(2) System is capable of securely sending all captured data over various spectrums:
- Send information over medical body area network (MBAN);
- Robustly transmit over at least two communication methods/technologies; e.g. Ethernet, Wi-Fi, Mobile (CDMA, GSM, LTE), Amateur Radio, ZigBee;
- Ability to switch between/rollover spectrum/technologies depending on resource availability;
- Ability to send data automatically or upon manual command (e.g. at specified intervals of time, on-demand, or when triggered by external events);
- No interference with the operation of the DME;
- Securely transmit “read only” data collected from DME; and
- Data need to be distributed to a predetermined list of responders in a format defined by ASPR.
(3) System is accessible to all in-home patients with DME:
- Easy to install and set up user defined characteristics;
- Simple registration process; and
- Simple to use, particularly for elderly or frail individuals.
A solution may include the use of a device(s). If this is the case, these additional specifications must be met:
(1) Low-power consumption transmitter
- Ideally be constructed of readily available open source components;
- Consumes low level of standby power;
- If integrated into DME, consumes minimal power with no impact upon DME performance; and
- Alternatively, has its own power source separate from the DME.
ASPR is currently working to develop a piece of open source hardware capable of executing these functionalities. While the hardware is near completion, coding software is still needed and additional methods (e.g., mobile and social media apps) are required to establish the infrastructure needed to support information transmission using multiple channels. Hence, ASPR is interested in additional types of hardware, a combination of hardware and software, or a non-technical solution.
Include in your submission a detailed description of the system (process and/or device) that will be used under routine and emergency conditions to:
- Uniquely identify DME;
- Report the current power status of the device, to include remaining battery time;
- Report the location of the device;
- Determine the operational status of DME; and
- Identify a way to contact the DME user.
Be sure to include the rationale for the solution and specific ideas to address the following questions.
- How would people obtain the system?
- How could they register?
- How will data be transferred to recipients?
The solution most likely includes a device, but ASPR is interested in a versatile submission that would benefit people from all socioeconomic backgrounds.
Submitted proposals along with all relevant supporting data should include the information described in the Detailed Description of the Challenge.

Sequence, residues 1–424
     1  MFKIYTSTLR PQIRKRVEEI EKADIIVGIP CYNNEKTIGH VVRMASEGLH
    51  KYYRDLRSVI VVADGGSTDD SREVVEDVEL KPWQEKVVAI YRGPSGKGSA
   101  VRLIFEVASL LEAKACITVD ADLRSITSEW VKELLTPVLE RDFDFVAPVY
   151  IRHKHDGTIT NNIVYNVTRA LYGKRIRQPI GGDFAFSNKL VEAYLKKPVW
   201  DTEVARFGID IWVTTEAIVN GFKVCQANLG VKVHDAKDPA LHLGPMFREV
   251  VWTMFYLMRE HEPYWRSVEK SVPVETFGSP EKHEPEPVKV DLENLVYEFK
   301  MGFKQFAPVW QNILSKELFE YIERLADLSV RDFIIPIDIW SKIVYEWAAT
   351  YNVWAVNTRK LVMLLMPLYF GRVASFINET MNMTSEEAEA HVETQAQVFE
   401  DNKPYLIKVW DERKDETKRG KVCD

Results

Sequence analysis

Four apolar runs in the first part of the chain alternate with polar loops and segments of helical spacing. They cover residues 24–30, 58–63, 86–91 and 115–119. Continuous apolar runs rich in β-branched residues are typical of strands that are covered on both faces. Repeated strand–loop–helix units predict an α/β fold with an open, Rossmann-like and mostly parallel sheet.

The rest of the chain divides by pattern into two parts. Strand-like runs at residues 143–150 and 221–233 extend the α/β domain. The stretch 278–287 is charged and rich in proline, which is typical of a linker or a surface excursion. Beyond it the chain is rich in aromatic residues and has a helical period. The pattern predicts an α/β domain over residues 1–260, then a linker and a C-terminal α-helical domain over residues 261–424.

Submitted proposals should not include any personal identifying information the participants do not want to make public, or any information the participant may consider as their intellectual property that they do not want to share.
After the Challenge deadline, a review panel of technical advisers will complete the review process and make a decision with regards to the winning solution(s). All participants that submit a proposal will be notified about the status of their submissions; however, no detailed evaluation of individual submissions will be provided.
Ownership of intellectual property is determined by the following:
- Each entrant retains title and full ownership in and to their submission. Entrants expressly reserve all intellectual property rights not expressly granted under the challenge agreement. By participating in the challenge, each entrant hereby irrevocably grants to sponsor and administrator a perpetual, non-exclusive, royalty free, worldwide license and right to reproduce, publicly perform, publicly display, and use the submission to the extent necessary to administer the challenge, and to publicly perform and publicly display the submission, including, without limitation, for advertising and promotional purposes relating to the challenge.
ASPR leads HHS in preparing the nation to respond to and recover from adverse health effects of emergencies, supporting communities' ability to withstand adversity, strengthening health and response systems, and enhancing national health security. To learn more about ASPR and preparedness, response, and recovery from the health impacts of disasters, visit the HHS public health and medical emergency Web site, www.phe.gov.
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Dated: October 22, 2013.
Assistant Secretary for Preparedness and Response.
[FR Doc. 2013-25280 Filed 10-25-13; 8:45 am]
BILLING CODE 4150-37-P